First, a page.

Brief Hiatus

 

The Shakespeare Conference: SHK 23.133  Tuesday, 27 March 2012

 

From:        Hardy M. Cook <This email address is being protected from spambots. You need JavaScript enabled to view it.>

Date:         Tuesday, March 27, 2012

Subject:     Brief Hiatus

 

My apologies to all for not being able to announce this until now: there will be a brief interruption in delivery of digests, probably until Thursday or possibly Friday.  

 

I am a member of the reaccreditation team visiting a college in New Jersey. 

 

We report out on Wednesday when I will then begin to drive home.

 

Hardy M. Cook

Editor

 

Hamlet's Fat

 

The Shakespeare Conference: SHK 23.132  Friday, 23 March 2012

 

From:        JD Markel <This email address is being protected from spambots. You need JavaScript enabled to view it.>

Date:         March 22, 2012 3:16:39 PM EDT

Subject:     Re: Fat

 

I believe the solution is “phat,” as so:

 

And duller shouldst thou be than the phat weed,

That roots itself in ease on Lethe (i.e., lethargy’s) wharf.

 

Hamlet 1.5.32-33.

 

Shakespeare in London

 

The Shakespeare Conference: SHK 23.131  Friday, 23 March 2012

 

From:        John Drakakis <This email address is being protected from spambots. You need JavaScript enabled to view it.>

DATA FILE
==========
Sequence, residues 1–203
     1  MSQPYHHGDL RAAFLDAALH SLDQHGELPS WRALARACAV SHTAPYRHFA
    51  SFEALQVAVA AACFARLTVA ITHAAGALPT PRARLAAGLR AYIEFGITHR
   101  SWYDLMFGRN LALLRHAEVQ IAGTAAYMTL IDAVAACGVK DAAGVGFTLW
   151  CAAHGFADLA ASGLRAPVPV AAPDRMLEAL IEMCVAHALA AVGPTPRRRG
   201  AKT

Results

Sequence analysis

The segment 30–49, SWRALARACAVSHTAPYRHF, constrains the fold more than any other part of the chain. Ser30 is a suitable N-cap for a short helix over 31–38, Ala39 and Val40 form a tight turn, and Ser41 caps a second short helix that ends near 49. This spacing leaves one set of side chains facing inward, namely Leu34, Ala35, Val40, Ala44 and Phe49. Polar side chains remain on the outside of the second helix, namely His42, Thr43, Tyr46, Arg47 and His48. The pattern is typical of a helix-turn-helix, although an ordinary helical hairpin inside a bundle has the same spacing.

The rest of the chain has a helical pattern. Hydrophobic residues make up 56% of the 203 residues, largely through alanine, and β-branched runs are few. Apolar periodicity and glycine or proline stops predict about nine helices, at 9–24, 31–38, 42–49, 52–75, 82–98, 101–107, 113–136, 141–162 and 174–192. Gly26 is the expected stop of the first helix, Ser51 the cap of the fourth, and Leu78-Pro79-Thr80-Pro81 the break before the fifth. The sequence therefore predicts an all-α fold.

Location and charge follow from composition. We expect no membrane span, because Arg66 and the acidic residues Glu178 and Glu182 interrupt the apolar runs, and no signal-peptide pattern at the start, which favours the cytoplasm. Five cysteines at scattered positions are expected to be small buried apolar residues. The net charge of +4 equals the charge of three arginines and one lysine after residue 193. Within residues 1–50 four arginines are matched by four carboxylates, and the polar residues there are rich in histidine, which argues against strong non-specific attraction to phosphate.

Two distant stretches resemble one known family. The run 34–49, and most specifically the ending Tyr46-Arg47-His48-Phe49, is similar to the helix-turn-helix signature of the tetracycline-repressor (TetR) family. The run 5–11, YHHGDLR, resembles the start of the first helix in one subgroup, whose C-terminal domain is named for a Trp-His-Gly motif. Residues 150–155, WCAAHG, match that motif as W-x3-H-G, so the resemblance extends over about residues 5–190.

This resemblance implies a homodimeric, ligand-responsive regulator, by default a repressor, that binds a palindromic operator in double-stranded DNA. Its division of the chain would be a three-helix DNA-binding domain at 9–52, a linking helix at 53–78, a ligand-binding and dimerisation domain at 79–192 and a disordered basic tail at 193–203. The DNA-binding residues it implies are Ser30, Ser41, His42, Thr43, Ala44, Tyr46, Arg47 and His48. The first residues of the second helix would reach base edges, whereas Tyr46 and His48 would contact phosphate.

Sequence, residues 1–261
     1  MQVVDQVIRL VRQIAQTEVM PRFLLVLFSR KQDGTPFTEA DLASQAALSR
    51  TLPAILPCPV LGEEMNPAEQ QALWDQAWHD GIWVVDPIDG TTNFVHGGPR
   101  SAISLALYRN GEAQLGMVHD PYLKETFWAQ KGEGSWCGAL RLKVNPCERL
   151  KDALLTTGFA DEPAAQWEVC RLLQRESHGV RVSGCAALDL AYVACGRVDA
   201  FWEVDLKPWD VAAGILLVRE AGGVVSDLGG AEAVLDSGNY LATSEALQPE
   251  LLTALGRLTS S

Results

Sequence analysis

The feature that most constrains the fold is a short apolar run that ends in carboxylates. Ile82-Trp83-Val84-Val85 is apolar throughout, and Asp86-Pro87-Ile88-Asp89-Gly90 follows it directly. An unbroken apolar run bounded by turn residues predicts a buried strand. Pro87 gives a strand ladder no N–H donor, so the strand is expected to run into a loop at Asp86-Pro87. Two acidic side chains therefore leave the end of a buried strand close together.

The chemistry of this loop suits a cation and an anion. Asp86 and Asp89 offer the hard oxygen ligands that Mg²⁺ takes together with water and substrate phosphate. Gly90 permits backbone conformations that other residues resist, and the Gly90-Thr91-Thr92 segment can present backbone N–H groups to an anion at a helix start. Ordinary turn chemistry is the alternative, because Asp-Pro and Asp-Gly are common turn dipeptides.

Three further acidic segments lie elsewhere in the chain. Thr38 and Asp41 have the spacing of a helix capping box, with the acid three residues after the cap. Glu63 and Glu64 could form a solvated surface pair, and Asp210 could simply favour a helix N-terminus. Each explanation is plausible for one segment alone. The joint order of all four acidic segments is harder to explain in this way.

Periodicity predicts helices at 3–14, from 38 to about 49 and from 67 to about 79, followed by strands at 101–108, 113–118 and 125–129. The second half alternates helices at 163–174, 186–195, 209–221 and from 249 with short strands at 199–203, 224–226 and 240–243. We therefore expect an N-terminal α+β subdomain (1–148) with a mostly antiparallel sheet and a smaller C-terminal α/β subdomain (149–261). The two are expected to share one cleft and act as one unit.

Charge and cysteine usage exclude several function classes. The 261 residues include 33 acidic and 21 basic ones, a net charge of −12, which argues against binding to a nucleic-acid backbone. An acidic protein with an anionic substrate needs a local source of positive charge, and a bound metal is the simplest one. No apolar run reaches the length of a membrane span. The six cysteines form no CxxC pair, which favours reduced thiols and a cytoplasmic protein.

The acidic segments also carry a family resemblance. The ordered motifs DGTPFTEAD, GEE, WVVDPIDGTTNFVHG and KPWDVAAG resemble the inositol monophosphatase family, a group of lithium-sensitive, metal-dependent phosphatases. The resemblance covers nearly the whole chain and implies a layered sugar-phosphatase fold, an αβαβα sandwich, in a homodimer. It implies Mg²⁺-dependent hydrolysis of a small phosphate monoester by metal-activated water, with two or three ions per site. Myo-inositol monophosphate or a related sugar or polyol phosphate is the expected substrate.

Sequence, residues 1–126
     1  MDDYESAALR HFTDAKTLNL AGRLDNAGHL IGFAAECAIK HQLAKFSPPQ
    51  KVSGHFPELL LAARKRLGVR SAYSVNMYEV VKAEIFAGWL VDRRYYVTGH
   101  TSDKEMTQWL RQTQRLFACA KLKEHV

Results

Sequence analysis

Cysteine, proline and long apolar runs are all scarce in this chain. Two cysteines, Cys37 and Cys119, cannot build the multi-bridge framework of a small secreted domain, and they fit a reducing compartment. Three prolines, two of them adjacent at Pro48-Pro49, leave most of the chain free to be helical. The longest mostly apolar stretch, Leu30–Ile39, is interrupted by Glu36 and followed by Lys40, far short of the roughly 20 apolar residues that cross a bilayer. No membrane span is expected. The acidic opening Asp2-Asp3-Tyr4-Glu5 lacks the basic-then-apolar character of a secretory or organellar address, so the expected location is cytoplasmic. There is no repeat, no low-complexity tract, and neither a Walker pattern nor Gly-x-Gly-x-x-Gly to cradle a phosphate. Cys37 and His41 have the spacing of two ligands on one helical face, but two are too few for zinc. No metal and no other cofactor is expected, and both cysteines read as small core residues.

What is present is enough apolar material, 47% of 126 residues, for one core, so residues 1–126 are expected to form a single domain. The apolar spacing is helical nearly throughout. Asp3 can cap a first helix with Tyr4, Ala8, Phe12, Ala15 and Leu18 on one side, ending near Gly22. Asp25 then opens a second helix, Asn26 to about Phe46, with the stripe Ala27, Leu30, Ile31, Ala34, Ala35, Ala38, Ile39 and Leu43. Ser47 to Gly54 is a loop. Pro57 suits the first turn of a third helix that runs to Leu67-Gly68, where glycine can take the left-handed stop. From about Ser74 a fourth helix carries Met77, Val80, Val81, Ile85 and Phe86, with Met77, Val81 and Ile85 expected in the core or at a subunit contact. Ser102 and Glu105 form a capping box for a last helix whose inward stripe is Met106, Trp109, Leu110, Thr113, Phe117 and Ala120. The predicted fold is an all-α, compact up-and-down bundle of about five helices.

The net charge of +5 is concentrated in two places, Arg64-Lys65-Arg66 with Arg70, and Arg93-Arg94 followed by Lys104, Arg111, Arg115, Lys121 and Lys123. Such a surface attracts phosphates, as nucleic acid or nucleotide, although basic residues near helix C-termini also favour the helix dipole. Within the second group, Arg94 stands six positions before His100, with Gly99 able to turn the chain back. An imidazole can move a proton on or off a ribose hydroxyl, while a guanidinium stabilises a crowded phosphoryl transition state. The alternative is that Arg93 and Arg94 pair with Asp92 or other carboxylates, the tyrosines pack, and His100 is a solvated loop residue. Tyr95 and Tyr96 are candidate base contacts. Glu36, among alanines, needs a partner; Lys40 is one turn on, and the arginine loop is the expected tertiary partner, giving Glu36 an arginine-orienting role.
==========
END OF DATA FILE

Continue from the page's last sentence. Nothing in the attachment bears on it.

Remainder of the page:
Date:         March 22, 2012 11:14:48 AM EDT

Subject:     RE: SHAKSPER: London

 

Terence Hawkes notes a forthcoming performance at the New Globe theatre of Cymbeline in Juba Arabic, but regrets the absence of one in semaphore. Presumably performances in Welsh or Gaelic would be beyond the pale since they would undermine any message of world unity that this curious venture appears designed send.  Political correctness goes only so far.

 

But is there, perhaps a more serious point to be made. Why the performances of Shakespeare in 37 languages in a space that claims to be quintessentially ‘English’ (even though it is not exactly on the true site of Shakespeare’s Globe Theatre)?  Or is this back-door imperialism, the hubristic last gasp of a Tory minority government trying to stake its claim to universalism in the wake of the imminent break-up of the ‘united kingdom’?  It seems that we are not ‘all in it together’ after all. 

 

Just a thought,

John Drakakis 

British Library’s Original Pronunciation Project

 

The Shakespeare Conference: SHK 23.130  Friday, 23 March 2012

 

From:        Patty Winter <This email address is being protected from spambots. You need JavaScript enabled to view it.>

Date:         March 22, 2012 5:39:47 PM EDT

Subject:     British Library’s Original Pronunciation Project

 

Actor Ben Crystal and his father, linguistics professor David Crystal, have worked with the British Library to create a CD of Shakespeare excerpts read in original pronunciation. Here’s the library’s press release:

 

http://pressandpolicy.bl.uk/Press-Releases/The-British-Library-releases-the-first-ever-audio-CD-of-Shakespeare-spoken-in-the-original-pronunciation-57d.aspx

 

And here are two newspaper article, one of which has some samples from the CD:

 

http://www.telegraph.co.uk/culture/books/booknews/9143302/How-should-Shakespeare-really-sound.html

 

http://www.independent.co.uk/arts-entertainment/theatre-dance/news/tuh-beh-oar-nat-tuh-beh-that-was-the-question-7575928.html

 

Patty

 

BSA Education Network & Online Teaching Shakespeare

 

The Shakespeare Conference: SHK 23.129  Friday, 23 March 2012